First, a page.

Most of my life I’ve been in punk rock bands, and my mentality was like, “I don’t know, I show up, I plug in, I play, I leave.” I had never really messed around with pedals or anything, it was just – I turn my amp up to the appropriate level and go. I needed to change my mentality when recording my own stuff. So in 2017, I started messing around with multi-track recording with a little iRig that was kind of garbage, but it helped me learn what I needed to do. The signal latency on that was terrible, I’d have to constantly go back and re-time things. And I used a Rock Band mic for vocal stuff, like the USB mic.
Wait, a ROCK BAND MICROPHONE? That’s as DIY as it gets, I love that.
I will say, that did not last very long – I eventually got real stuff! The first few recordings I did were covers – I was in this weird writer’s block for a while. Danger Club had done The Good Times Are Over album, and that came out the Friday after Trump got elected. I poured a lot of my anxieties and fears and feelings about what I had been thinking at that point.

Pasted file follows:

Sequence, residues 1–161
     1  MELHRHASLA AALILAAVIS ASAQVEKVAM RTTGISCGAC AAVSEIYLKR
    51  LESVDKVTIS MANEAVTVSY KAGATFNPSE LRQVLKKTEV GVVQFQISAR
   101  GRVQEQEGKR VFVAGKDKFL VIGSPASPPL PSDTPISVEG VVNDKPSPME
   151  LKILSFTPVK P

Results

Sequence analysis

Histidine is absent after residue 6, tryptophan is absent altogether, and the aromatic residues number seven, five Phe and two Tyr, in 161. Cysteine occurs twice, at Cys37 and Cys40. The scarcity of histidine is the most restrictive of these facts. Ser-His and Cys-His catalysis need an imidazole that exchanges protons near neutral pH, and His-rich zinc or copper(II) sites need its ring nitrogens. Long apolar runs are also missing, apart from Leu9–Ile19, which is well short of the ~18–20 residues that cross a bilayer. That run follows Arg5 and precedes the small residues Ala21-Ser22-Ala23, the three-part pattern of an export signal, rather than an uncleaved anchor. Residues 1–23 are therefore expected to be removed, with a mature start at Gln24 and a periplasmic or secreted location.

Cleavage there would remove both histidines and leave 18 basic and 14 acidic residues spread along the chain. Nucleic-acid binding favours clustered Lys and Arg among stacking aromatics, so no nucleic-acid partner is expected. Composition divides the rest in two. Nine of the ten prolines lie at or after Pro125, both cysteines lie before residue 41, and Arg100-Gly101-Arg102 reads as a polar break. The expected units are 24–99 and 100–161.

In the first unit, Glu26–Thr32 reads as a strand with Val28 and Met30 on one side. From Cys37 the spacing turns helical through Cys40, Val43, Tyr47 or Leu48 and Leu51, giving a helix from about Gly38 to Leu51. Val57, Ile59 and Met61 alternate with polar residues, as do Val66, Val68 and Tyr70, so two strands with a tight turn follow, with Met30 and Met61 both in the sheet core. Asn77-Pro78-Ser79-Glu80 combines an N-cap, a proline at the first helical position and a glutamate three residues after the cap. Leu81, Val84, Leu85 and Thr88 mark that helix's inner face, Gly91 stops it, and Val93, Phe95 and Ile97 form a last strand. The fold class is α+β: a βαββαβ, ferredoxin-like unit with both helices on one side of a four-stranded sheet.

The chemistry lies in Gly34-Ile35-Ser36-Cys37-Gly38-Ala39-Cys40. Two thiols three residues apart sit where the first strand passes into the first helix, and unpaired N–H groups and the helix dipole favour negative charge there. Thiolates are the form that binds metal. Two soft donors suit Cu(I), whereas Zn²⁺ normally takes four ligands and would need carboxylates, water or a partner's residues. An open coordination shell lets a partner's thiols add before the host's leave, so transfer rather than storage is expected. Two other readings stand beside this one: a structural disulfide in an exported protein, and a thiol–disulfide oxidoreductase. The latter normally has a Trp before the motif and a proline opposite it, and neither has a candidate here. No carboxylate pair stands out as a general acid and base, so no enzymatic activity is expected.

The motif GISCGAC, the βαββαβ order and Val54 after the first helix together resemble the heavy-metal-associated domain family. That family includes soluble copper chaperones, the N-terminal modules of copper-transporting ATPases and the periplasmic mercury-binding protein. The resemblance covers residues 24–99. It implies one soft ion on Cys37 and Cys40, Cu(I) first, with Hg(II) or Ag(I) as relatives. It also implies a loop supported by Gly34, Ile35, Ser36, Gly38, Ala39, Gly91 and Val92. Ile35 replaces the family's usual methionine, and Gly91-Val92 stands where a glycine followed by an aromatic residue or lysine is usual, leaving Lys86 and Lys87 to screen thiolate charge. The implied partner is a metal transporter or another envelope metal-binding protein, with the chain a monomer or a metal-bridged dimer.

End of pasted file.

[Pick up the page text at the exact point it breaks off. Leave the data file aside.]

I had severe writer’s block for a couple of years after that, and the other big thing that happened in 2016 was I realized I was transgender and a woman. And that was a big messing with my head thing, because I was like – wait, I’ve been going about this whole life thing all wrong! There was a lot going on, so I was just not writing things.
Instead, I started working with covers. I did a cover of “Where Is My Mind?”, and for that, I used my phone to record the vocals and sent myself the files. I really didn’t have a lot of equipment – I had my Macbook, a couple of guitars, my bass, my crap Rock Band mic, but I didn’t have an interface. I didn’t know what I was doing, I had been learning it all on the fly.